Release Date: November 29,2019
Genre: Electronic Pop Music
Winter EP is the newest EP from Halifax based band, Smaller Hearts.
Winter EP is a cheery little sample of the band, only three songs long.
The first track “Possible Futures” sounds like the soundtrack to a classic atari game, complete with electronic drums, samples, and even laser sounds, if those cartridges could also contain the data for uncompressed bouncy female vocals. As the title implies, the track is futuristic as the lyrics detail what appears to be the attack of a battle from our possible selves from other dimensions to take control of our possible future – so of course, on concept alone, it had to be my favorite of the bunch.
The second track “Snowsmashed” is a much more soothing, gentle track, but with an edge of anticipation. To do this, the song uses a droning baseline with a heavy, slow drum beat, which it lays soft, echoey male vocals, and light clear tones. The dissonance of this soundscape makes for an interesting abstract listen.
The last track, “Christmas at Home,” as the title infers, is a sweet little Christmas track. Similar to ‘Possible Futures,’ the track layers female vocals onto what sounds like a classic game cartridge sound. Less of a battle, this song is a cheery sincere song about the band wanting to spend “Christmas at Home.” It’s not often I get to hear independent artists experiment with the holiday genres (how can we expect to compete with the titan that is Mariah Carey), so this was a very pleasant surprise for me. One could say it made my small heart grow several sizes this day? Or is that too cliche?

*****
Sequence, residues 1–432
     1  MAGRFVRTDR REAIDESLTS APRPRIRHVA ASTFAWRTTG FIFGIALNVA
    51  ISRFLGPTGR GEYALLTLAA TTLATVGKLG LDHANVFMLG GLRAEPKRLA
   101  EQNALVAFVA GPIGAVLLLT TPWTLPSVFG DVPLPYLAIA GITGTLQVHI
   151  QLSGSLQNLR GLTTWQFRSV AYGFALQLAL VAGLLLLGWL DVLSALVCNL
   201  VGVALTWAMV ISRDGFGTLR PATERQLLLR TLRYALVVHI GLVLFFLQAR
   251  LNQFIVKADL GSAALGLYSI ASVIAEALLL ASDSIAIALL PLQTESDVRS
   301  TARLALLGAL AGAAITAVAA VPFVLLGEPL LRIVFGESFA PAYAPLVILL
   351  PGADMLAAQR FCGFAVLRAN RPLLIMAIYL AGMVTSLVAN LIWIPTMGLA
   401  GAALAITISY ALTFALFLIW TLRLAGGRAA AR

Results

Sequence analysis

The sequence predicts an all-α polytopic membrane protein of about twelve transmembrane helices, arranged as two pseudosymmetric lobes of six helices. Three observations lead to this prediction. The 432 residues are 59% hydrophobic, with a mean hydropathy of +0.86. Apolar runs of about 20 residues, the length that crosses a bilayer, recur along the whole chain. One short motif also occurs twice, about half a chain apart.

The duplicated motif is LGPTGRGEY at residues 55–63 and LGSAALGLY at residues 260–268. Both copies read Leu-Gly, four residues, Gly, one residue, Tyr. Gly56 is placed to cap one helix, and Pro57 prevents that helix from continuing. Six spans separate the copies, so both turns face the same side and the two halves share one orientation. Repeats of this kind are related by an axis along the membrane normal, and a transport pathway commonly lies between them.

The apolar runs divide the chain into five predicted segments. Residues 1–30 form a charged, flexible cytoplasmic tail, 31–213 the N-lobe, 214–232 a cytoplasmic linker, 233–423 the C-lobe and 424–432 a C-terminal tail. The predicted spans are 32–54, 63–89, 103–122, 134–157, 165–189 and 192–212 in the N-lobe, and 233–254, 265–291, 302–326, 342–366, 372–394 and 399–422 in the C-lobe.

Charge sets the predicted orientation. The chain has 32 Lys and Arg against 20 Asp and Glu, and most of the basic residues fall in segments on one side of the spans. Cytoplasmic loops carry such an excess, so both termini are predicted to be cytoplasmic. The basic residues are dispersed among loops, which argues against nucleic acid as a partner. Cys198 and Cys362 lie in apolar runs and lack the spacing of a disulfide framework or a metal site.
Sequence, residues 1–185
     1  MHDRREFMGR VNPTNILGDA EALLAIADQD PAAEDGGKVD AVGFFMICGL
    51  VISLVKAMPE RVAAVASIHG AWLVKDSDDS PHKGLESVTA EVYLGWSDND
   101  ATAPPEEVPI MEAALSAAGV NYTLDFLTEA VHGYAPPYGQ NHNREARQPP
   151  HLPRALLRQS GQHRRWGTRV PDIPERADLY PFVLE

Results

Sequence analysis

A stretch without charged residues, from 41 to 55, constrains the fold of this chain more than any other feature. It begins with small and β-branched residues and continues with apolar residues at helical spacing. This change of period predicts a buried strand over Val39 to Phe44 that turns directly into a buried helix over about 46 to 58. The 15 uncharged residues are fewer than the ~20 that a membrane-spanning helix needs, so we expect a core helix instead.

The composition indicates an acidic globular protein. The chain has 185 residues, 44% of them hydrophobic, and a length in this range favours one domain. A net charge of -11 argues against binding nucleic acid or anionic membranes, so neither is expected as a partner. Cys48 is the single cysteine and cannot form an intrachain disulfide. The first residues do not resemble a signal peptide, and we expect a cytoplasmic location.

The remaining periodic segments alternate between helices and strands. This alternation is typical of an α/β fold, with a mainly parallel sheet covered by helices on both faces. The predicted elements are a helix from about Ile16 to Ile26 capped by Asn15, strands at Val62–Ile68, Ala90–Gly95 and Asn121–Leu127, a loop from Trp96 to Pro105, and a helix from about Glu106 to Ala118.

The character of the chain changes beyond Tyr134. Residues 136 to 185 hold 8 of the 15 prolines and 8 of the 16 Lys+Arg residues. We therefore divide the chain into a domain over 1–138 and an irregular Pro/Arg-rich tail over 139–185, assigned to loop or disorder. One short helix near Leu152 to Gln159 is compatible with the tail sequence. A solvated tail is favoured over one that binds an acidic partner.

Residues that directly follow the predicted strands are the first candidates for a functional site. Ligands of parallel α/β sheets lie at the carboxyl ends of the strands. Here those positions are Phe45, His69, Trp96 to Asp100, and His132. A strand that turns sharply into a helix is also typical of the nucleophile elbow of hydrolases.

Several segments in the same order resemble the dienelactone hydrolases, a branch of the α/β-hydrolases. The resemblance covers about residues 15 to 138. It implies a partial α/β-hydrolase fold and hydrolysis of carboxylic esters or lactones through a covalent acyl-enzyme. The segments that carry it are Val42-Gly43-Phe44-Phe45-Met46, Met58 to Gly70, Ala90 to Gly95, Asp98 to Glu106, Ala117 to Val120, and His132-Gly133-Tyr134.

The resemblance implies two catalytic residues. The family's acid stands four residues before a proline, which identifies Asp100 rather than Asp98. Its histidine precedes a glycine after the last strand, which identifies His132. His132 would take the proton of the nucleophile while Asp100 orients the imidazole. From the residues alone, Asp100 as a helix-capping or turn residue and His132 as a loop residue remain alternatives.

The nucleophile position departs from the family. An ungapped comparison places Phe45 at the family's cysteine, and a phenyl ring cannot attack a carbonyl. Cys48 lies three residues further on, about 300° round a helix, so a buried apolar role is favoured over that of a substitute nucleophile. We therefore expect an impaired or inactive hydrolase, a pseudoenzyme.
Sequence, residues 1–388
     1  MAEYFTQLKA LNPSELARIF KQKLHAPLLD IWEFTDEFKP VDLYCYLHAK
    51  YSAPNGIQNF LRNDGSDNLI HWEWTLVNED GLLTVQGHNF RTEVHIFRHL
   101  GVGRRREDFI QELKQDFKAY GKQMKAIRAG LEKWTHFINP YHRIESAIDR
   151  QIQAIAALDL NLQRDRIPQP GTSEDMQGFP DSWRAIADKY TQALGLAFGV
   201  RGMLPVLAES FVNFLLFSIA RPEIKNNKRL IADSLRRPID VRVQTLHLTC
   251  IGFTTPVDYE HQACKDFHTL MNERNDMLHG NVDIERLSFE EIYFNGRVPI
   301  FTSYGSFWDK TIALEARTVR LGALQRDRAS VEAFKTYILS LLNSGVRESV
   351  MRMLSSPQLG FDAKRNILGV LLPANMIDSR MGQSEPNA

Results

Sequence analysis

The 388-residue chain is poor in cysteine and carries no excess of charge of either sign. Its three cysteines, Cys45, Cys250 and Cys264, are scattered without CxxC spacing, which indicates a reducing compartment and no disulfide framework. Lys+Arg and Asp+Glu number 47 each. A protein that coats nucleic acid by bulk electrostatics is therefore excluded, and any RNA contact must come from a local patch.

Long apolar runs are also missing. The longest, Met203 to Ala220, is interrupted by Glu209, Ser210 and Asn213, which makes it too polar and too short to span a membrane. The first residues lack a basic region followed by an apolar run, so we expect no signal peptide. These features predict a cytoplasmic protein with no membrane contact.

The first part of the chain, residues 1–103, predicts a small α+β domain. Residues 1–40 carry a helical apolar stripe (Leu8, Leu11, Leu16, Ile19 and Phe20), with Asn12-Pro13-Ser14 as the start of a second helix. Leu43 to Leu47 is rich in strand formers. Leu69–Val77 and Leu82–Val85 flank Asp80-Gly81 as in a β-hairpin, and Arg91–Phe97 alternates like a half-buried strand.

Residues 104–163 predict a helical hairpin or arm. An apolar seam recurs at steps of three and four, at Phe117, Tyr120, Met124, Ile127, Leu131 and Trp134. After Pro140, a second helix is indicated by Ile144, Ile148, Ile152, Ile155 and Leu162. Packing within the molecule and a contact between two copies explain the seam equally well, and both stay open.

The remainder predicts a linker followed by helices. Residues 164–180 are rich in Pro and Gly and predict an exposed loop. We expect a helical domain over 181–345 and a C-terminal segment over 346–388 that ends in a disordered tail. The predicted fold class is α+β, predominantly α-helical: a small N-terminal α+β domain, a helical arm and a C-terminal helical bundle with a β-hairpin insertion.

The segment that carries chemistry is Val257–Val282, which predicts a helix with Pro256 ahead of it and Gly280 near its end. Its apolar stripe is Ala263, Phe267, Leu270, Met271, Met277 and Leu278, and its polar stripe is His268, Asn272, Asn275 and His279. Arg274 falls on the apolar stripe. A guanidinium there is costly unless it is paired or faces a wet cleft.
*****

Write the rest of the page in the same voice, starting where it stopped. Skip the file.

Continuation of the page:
Overall, it is a fun little sample of the band’s current state of evolution. I look forward to seeing how the band grows over the seasons.
I grew up in Alberta, but spent most of my life in British Columbia – I also spent a lot of my summers in Britain as I was lucky enough to have immigrant parents with the capital to go visit our relatives. The amount of time I spent overseas makes it hard for me to say I feel fully Canadian, but it does make me feel typically Canadian as so many of us have mixed parentage. My parents defined another divide in me as I feel inexorably pulled to both science and the art; my father being a doctor and my mother being a school teacher. I studied both in university and now work on making healthcare software during the day, then write/read/draw/paint/dance in my evenings. My global wanderings, my education, and the fact that my appetite for media could be described as ‘voracious’ means my frame of reference is pretty varied. It’s hard to say that I have a favourite music genre, rather I am always seeking sounds that convey a sense earnestness an honesty.